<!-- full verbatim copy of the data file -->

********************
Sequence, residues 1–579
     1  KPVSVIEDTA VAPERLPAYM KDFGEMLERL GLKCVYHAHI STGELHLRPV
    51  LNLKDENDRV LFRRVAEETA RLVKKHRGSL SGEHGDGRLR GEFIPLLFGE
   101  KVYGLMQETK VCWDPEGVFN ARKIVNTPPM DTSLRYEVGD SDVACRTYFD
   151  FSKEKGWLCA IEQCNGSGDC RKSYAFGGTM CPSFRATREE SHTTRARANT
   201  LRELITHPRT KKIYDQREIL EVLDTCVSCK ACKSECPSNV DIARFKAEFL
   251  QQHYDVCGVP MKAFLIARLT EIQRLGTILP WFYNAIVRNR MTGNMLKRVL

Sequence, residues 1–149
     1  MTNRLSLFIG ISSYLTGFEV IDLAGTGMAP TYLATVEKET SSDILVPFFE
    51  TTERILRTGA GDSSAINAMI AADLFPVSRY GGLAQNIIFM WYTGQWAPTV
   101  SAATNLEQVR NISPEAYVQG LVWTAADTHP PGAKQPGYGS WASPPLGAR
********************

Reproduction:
Sequence, residues 1–579
     1  KPVSVIEDTA VAPERLPAYM KDFGEMLERL GLKCVYHAHI STGELHLRPV
    51  LNLKDENDRV LFRRVAEETA RLVKKHRGSL SGEHGDGRLR GEFIPLLFGE
   101  KVYGLMQETK VCWDPEGVFN ARKIVNTPPM DTSLRYEVGD SDVACRTYFD
   151  FSKEKGWLCA IEQCNGSGDC RKSYAFGGTM CPSFRATREE SHTTRARANT
   201  LRELITHPRT KKIYDQREIL EVLDTCVSCK ACKSECPSNV DIARFKAEFL
   251  QQHYDVCGVP MKAFLIARLT EIQRLGTILP WFYNAIVRNR MTGNMLKRVL

Sequence, residues 1–149
     1  MTNRLSLFIG ISSYLTGFEV IDLAGTGMAP TYLATVEKET SSDILVPFFE
    51  TTERILRTGA GDSSAINAMI AADLFPVSRY GGLAQNIIFM WYTGQWAPTV
   101  SAATNLEQVR NISPEAYVQG LVWTAADTHP PGAKQPGYGS WASPPLGAR